A few weeks ago, I participated in a seminar series put on by the people at Tealeaf. If you haven’t checked out Tealeaf, spend some time on the site. The company measures a visitor’s experience on your site by tracking all interactions and transactions. It’s a natural complement to your Web analytics tool, and the organization has partnered with a number of Web analytics companies.
The Tealeaf team shared some great case studies and tips with the people who attended the seminar. One thing that really caught my attention: a Shop.org and Forrester survey that e-commerce conversion rates have been dropping for the past few years.
If this the case, it’s surprising that as companies spend more money tuning their businesses and understanding their customers, they’re converting fewer visitors on a percentage basis. Think of the millions of dollars spent over the past few years on Web analytics, surveys, user studies, site redesigns, optimization efforts, and the like. Does this mean these efforts aren’t worth it? Again, at first blush, it might look like these efforts have been wasted, as conversions have been declining.
Obviously that isn’t the case. So what’s causing this decline? I think it comes back to one thing: visitors are in control. It’s never been easier to find someone to buy something from. If you aren’t getting what you need within one experience, it’s easy to go onto the next.
Think about the following as it relates to e-commerce:
- Shopping engines. It seems there are endless shopping bots on the Web that will help you find the best price for any given product. This makes it easier to shop once you’ve done your online product research. You may research on a ton of different sites (manufacturers, retailers, reviewers, etc.), then turn to a shopping bot.
- Tabbed browsing. It’s always been as easy as clicking to leave one retailer and go to the next. Tabbed browsing makes it even easier. How many times have you googled something and opened up five of what you thought were the most relevant search results in tabs within that browser? You check the first one to see if it’s truly what you were looking for, knowing you have four more tabs with four more sites that may be able to satisfy your needs.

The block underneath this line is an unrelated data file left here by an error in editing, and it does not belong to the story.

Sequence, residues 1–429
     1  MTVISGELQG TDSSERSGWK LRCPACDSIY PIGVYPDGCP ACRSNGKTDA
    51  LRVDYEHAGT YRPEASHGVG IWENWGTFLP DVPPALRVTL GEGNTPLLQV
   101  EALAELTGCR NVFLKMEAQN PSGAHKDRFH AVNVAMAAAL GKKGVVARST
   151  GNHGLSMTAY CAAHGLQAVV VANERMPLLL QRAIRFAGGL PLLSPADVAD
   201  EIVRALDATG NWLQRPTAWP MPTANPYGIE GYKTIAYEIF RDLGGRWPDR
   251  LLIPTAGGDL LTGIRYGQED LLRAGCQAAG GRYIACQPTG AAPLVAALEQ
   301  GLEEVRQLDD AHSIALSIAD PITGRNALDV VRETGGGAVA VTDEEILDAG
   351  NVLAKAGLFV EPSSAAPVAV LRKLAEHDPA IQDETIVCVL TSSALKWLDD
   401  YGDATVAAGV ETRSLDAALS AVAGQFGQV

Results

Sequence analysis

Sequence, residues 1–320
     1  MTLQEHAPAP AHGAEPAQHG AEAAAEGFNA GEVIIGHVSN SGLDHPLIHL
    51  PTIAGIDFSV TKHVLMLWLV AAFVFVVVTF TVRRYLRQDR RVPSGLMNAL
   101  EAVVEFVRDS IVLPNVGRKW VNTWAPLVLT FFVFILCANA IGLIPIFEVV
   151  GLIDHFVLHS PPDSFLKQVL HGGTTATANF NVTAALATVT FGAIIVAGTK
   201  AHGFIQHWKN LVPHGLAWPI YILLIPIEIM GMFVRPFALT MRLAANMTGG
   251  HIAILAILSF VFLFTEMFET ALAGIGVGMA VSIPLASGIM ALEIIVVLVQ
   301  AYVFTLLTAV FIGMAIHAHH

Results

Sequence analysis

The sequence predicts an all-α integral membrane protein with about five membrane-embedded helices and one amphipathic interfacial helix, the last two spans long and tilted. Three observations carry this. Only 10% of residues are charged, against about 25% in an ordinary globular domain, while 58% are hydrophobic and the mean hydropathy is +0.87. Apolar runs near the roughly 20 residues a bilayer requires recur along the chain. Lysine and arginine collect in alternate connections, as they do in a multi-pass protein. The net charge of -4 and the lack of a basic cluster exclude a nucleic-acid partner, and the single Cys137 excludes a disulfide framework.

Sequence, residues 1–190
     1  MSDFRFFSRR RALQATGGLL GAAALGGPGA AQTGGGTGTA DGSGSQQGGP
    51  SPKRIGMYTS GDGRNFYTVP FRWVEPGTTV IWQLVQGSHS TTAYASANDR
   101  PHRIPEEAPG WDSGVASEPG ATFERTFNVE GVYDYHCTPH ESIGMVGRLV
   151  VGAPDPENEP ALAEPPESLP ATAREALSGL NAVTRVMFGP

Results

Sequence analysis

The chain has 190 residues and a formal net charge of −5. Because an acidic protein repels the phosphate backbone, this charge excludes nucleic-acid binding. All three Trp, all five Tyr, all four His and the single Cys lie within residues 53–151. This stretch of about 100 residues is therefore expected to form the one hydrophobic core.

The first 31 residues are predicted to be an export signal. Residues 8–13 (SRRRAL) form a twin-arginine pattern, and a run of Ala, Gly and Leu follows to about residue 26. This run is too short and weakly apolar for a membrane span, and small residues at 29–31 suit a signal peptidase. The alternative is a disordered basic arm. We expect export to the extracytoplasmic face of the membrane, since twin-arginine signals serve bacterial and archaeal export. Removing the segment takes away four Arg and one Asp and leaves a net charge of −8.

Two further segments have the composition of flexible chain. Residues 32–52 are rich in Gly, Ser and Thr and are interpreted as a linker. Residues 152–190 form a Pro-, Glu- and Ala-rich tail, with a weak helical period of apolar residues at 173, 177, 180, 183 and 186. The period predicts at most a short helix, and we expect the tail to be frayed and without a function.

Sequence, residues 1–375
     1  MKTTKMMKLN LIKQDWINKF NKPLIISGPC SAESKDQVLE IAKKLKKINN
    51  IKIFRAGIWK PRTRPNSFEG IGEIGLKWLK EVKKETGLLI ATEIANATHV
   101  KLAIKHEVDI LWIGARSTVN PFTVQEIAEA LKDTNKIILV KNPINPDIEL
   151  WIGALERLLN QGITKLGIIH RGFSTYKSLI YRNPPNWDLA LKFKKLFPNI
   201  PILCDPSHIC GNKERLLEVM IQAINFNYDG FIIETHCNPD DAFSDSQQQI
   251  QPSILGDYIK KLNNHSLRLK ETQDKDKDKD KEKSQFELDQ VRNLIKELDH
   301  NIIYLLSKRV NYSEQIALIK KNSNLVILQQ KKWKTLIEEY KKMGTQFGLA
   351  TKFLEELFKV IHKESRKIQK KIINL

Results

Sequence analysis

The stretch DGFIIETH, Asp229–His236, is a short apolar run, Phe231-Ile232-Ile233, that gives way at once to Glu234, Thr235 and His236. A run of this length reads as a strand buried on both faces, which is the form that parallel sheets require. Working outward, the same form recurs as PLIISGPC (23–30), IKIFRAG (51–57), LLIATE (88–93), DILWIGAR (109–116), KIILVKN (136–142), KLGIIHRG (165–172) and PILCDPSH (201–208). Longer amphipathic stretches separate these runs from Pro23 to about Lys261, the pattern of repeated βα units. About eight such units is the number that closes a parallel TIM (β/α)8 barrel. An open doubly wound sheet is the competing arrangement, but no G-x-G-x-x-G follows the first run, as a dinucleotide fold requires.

Other factors also contribute to declining conversion rates. What does this all mean? Declining conversion rates, visitors in control, more choices? It means you need to work even harder to create and offer easy, rewarding, and compelling reasons to buy at your site. You may say that if everyone uses shopping bots to find the best prices, then it’s a price game. That isn’t always the case. How many times have you chosen an option in the shopping bots results that wasn’t the lowest? It happens all the time: who’s easier to buy from, who do you trust, who in general are you most comfortable with. These factors, along with pricing, lead to a purchasing decision.
With Thanksgiving only a few days away, we’re entering the prime shopping season and a key time for retailers, online and off-. What have you been doing to maximize your conversion rate the past few months?
Is it too late for this year? Not to make small incremental changes. Tackle a landing page, test a few versions of the page, and see if you can sneak a small improvement out. But all this doesn’t need to revolve around the holidays, you should be doing this all year long.
You should look at Web analytics data. But you must also understand the customer experience data, attitudinal insight, and offsite factors that will impact your business.
Marketers need to know what’s in their data and trim out the filler to provide continuous, data-driven ROI for their brands.
A new starter in Team SaleCycle recently asked me the following question… “Wouldn't they just come back anyway?”
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